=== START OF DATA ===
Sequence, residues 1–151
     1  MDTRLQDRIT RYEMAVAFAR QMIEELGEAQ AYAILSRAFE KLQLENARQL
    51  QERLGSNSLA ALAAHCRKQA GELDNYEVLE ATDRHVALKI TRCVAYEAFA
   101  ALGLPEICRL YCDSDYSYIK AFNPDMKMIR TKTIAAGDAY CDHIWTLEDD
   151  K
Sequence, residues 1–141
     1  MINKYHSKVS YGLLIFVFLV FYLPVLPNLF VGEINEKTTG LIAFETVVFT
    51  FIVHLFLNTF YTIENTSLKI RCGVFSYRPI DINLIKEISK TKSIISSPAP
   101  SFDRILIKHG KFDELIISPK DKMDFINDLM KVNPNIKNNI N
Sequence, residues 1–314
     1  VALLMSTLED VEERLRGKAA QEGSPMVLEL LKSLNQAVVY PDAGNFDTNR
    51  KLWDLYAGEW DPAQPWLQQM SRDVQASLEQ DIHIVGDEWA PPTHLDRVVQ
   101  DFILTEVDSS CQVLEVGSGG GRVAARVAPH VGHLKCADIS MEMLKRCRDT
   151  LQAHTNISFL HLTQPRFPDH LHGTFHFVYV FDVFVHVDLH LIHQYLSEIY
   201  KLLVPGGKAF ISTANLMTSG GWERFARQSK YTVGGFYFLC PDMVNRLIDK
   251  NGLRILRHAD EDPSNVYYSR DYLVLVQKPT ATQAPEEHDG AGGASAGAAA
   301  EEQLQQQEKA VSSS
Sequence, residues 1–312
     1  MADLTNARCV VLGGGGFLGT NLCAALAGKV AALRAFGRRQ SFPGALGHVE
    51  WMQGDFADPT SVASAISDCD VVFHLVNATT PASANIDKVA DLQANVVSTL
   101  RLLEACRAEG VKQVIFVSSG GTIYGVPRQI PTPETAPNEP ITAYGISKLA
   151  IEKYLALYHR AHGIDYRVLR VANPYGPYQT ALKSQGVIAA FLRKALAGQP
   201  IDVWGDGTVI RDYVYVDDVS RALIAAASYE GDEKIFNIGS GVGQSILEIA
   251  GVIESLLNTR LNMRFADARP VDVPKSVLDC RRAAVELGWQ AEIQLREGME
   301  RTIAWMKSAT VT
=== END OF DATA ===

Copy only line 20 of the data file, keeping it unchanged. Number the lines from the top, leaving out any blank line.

    51  WMQGDFADPT SVASAISDCD VVFHLVNATT PASANIDKVA DLQANVVSTL